Israel/Palestine Allison Deger on February 8, 2017
An Arab rights group has found ten of thousands of Israelis are publishing “widespread hatred and incitement against Arabs and Palestinians” on social media, and are often motivated to harass following charged statements by Israeli politicians.
The hate speech is going unnoticed by Israeli officials who are advancing a law to scrub similar content from Facebook, but only when it is made by Palestinians against Israelis, said the Haifa-based group 7amleh, the Arab Center for Social Media Advancement, in a report published Tuesday.
7amleh focused on Hebrew social media posts. Along with the Israeli firm Vigo, it analyzed keywords used online during 2015 and 2016. The group said the results were “horrifying,” due to the sharp increase of incitements towards Arabs in the last year. The study showed slanderous, provocative, and threatening posts made by Israelis against Arabs and Palestinians more than doubled in 2016, reaching 675,000 posts made by 60,000 Hebrew-speaking Facebook users.
That number amounts to one inflammatory post every 46 seconds, with one in eight using derogatory terms or “incitement to violence,” 7amleh said.
This data is the first that examines Israelis abusing Palestinians online. It comes around two months after an Israeli legislative committee approved a draft of a bill that grants Israeli courts the authority to order Facebook to censor content it deems in violation of Israeli regulations over verbal threats.
Yet on a case by case basis, Israeli police already coordinate with Facebook and Google to block and remove offending online content. At a cyber security conference last week, the Israeli Knesset member who introduced the “Facebook law,” Ayelet Shaked, said Facebook complies with 78 percent of Israel’s requests to delete content or suspend accounts, the Israeli outlet NRG reported.
Israel began arresting Palestinians in large numbers in 2015 on incitement charges following a series of knife attacks against Israelis with a noticeable trend, some of the attackers had posted their deadly plans in advance on Facebook. Over the next year, tensions increased with Palestinians killing 36 Israelis, and Israeli forces killing more than 200 Palestinian. According to the Arab legal rights group Adalah, in this same period, Israeli police arrested more than 400 Palestinians because of content they produced or circulated online. Over 200 were citizens of Israel and at least 150 were from the West Bank, of whom 60 were convicted for “incitement” (the other 90 were released without charges).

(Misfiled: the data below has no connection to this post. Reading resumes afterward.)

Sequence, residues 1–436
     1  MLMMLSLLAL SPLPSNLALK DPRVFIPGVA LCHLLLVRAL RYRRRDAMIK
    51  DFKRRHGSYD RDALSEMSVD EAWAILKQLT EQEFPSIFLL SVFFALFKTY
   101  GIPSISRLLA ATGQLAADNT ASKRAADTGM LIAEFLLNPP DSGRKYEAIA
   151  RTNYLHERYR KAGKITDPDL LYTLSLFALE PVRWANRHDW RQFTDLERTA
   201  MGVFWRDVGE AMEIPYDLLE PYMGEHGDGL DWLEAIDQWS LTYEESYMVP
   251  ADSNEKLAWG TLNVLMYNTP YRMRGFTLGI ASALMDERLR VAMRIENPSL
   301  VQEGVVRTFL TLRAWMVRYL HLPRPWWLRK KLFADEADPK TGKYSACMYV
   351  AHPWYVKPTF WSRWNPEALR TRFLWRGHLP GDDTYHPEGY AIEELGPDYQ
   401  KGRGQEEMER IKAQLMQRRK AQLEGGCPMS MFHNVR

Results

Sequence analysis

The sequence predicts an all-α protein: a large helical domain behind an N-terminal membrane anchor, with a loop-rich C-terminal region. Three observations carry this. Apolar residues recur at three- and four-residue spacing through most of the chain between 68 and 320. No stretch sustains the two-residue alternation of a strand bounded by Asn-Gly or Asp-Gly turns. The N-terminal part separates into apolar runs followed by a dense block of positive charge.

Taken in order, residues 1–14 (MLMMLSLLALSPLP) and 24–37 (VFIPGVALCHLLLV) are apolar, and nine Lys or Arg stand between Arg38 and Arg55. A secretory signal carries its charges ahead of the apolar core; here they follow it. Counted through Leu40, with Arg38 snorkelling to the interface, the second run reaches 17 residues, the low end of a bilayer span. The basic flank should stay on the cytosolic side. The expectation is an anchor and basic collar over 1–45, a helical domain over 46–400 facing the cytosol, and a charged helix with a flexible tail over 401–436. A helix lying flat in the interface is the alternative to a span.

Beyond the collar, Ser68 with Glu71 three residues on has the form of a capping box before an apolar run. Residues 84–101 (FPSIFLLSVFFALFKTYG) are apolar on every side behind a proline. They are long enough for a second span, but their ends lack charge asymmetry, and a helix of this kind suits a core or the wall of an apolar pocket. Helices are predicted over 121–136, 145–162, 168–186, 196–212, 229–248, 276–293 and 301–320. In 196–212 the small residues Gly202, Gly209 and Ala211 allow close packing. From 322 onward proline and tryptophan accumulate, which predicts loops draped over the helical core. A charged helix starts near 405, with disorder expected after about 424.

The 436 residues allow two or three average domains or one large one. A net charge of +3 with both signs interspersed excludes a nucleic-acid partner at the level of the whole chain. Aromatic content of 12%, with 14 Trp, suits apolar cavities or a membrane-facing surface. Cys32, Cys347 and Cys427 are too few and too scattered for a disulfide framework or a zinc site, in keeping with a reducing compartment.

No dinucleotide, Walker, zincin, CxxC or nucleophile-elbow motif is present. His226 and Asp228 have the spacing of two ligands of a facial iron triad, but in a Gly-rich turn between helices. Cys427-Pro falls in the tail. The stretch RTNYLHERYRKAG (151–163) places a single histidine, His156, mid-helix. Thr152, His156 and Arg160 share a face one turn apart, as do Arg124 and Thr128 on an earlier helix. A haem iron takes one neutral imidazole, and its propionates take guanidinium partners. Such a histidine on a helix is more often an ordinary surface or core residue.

Under Israeli law incitement is punishable by up to five years in prison, however, in the West Bank where Palestinians are subject to harsher military law, the same offense can come with a ten-year sentence. The kinds of comments that have landed Palestinians in jail have ranged from one poster stating he hoped to be a “martyr,” to journalists sharing newsworthy events.
Nadim Nashif, the Director of 7amleh said his group’s research confirms while Israel was arresting a record number Palestinians for social media posts, it was selectively enforcing policies against hate speech and online harassment when made by Israelis.
“This report contains a message to the decision makers on these social media networks to halt the biased and dual policies,” said Nashif, “The report also calls on social media networks to stand firm against the incitement and violations hosted on their sites against Arabs, and to deal with, on a serious level, risks induced as a result of this incitement.”
Of those targeted online, 7amleh said most are Palestinian politicians.
“The Knesset member, Haneen Zoabi, bore the brunt of insults and incitement to murder, with 60,000 posts being directed towards her. The Knesset member Ahmed Tibi was subjected to 40,000 posts, closely followed by the Palestinian President Mahmoud Abbas with 30,000 and Ayman Odeh with 25,000. Basil Ghattas was verbally abused in 15,000 posts each. Furthermore, Abnaa Sakhnin Football Club was singled out in 14,000 posts,” the group said.
7amleh discovered a correlation between these outbursts against Palestinians leaders, and speeches made by influential Israeli politicians, including a spike during the trial of Elor Azaria, “The incitement is seen in the content written on the internet seemed to rise as the Israeli leadership increased incitement and hatred in their public addresses,” 7amleh said.
“Israel has more than 200 criminal files against Arab and Palestinian activists charging them with incitement on the internet, while almost not a single case of incitement has been opened against Israeli instigators,” 7amleh said.
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